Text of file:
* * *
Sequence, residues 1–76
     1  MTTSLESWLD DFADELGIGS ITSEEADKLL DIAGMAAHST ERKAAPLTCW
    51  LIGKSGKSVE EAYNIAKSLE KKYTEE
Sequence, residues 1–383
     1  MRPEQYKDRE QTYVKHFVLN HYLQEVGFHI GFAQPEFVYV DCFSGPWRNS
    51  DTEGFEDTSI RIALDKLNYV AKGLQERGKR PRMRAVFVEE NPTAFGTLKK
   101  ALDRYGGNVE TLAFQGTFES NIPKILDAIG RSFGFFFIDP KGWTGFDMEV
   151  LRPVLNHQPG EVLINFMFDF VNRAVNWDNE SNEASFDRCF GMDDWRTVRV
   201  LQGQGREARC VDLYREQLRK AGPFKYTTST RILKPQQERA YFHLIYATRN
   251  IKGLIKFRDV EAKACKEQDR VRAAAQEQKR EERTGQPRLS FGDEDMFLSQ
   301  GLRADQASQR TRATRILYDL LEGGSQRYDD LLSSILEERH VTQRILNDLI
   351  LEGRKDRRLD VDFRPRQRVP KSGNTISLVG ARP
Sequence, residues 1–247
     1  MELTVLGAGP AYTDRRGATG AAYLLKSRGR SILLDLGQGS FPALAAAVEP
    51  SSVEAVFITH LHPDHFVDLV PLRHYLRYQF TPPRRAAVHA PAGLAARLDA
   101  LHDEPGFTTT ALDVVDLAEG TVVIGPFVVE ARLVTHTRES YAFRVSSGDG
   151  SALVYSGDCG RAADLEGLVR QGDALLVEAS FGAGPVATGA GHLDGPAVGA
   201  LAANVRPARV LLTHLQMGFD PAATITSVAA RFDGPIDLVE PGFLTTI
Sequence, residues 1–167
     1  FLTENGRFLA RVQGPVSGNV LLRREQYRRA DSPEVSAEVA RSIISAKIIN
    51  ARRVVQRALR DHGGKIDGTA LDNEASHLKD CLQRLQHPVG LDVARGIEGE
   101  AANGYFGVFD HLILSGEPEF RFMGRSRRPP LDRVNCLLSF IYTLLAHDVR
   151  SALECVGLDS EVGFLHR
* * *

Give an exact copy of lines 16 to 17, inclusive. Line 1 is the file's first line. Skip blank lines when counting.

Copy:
   101  LHDEPGFTTT ALDVVDLAEG TVVIGPFVVE ARLVTHTRES YAFRVSSGDG
   151  SALVYSGDCG RAADLEGLVR QGDALLVEAS FGAGPVATGA GHLDGPAVGA